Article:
Mitt Romney is running a serious campaign for president, much more coherent and consistent than his last run four years ago. He is an accomplished businessman and politician and I certainly hope he ends up at the top of the Republican ticket—that would be a good sign for the country that the Republican Party is serious about governing. I have relatives in Massachusetts who have directly benefitted from his efforts there to reform health care and if he were to win in 15 months there is at least a chance that health care reform nationally will not be completely repealed.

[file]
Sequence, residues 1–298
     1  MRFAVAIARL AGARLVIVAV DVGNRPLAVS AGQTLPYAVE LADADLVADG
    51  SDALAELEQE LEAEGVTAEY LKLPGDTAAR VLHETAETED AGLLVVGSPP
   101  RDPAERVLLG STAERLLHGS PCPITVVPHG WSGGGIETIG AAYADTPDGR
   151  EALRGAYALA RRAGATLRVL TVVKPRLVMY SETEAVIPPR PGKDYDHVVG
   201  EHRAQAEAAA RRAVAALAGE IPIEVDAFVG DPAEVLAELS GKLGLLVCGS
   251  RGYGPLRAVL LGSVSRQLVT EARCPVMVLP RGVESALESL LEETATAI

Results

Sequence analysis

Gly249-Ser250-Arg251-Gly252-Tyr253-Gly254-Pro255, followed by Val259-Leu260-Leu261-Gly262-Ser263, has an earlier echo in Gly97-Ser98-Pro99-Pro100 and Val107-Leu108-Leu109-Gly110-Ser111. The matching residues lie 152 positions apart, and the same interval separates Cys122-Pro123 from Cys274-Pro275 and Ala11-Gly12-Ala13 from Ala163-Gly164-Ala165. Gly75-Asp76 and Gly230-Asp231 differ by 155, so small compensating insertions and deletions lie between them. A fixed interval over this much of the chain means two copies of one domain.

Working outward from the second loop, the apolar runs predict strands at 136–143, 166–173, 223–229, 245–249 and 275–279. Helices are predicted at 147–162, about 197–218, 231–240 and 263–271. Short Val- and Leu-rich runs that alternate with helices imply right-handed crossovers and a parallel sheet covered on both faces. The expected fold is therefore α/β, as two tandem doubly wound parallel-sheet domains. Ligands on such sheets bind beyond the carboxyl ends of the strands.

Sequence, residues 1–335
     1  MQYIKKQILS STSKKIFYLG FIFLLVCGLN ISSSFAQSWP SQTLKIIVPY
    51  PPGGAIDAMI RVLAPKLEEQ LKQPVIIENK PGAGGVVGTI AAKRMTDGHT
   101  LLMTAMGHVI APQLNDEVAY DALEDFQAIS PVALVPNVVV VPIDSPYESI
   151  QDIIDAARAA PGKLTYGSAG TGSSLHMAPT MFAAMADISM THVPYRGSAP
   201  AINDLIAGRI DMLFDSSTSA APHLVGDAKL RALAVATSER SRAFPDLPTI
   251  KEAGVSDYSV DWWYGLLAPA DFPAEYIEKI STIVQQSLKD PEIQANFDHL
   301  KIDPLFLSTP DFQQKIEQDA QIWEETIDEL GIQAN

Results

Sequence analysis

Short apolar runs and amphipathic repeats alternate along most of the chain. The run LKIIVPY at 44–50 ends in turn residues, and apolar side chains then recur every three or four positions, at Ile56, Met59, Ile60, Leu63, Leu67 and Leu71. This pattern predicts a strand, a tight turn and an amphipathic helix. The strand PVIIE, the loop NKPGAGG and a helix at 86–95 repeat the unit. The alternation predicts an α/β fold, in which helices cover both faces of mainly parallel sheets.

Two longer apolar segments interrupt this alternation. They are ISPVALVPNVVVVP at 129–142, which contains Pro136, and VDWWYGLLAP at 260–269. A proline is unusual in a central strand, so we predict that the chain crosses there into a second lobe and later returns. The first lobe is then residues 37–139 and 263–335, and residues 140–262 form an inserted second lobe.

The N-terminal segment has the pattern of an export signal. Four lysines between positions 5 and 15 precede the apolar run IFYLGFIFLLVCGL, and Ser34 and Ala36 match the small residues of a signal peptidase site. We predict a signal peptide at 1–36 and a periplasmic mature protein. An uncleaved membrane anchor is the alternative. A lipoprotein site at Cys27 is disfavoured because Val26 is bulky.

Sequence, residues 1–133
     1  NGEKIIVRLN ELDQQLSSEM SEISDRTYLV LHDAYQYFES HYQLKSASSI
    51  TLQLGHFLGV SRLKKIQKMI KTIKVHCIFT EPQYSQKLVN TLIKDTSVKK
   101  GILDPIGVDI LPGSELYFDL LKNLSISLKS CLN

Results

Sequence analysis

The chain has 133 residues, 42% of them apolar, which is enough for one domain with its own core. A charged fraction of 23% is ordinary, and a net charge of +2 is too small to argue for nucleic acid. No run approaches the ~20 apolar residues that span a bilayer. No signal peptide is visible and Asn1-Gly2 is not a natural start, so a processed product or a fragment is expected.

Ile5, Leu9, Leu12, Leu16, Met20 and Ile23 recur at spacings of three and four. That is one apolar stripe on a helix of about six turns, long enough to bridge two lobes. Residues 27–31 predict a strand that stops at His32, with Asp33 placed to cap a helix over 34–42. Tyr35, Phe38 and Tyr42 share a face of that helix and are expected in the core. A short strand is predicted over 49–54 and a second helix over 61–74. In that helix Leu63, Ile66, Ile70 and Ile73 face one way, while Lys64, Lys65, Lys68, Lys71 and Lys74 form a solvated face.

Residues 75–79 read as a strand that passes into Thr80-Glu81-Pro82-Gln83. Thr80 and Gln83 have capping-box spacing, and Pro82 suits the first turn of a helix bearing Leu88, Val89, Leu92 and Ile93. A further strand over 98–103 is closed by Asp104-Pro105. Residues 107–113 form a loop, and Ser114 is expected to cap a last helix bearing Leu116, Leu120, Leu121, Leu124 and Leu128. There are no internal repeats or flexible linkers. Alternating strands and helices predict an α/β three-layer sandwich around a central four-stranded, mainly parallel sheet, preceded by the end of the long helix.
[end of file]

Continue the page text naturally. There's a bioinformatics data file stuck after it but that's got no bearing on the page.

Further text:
As part of his current campaign for president he has turned to what is apparently an effective trope in the Republican heartland—comparing President Obama to President Carter. This is a smart political strategy given the almost universal hatred of Carter among Republicans and the almost universal love for the man who vanquished him, Ronald Reagan. It also makes sense given that Carter is the last Democrat to only serve one term in office, something Romney hopes to repeat for Obama. But whatever utility the comparison has for Romney on the campaign trail, and despite Obama’s admitted difficulties with the economy, the Carter metaphor is bogus in terms of substance. The deciding factor in Carter’s defeat, most historians agree, was the Iranian hostage crisis. It seemed to symbolize for many Americans the sense that America was failing. There is nothing similar on Obama’s record, and in fact his signature foreign policy success, the raid on bin Laden, is notable for its outcome being the exact opposite of Carter’s attempted raid on Iran to free the hostages. Carter also suffered terribly from Edward Kennedy’s extraordinarily foolish decision to run in the primary against Carter. The only politician who could conceivably mount as damaging a campaign against Obama is his Secretary of State, Hillary Clinton, and that is not about to happen. Kennedy’s decision was emblematic of another major difference—Carter failed to effectively govern with Democrats in the majority of the House and Senate all four years. Obama has a strong argument to make that Republican obstruction is a key part of his struggles, an argument Carter could not make.